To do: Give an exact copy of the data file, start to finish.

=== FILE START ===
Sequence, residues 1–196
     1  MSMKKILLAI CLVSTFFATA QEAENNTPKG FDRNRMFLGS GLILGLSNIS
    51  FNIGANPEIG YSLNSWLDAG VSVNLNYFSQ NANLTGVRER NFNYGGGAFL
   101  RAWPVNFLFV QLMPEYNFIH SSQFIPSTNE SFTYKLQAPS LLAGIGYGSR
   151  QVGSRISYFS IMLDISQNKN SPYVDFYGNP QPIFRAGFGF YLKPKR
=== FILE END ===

Sequence, residues 1–196
     1  MSMKKILLAI CLVSTFFATA QEAENNTPKG FDRNRMFLGS GLILGLSNIS
    51  FNIGANPEIG YSLNSWLDAG VSVNLNYFSQ NANLTGVRER NFNYGGGAFL
   101  RAWPVNFLFV QLMPEYNFIH SSQFIPSTNE SFTYKLQAPS LLAGIGYGSR
   151  QVGSRISYFS IMLDISQNKN SPYVDFYGNP QPIFRAGFGF YLKPKR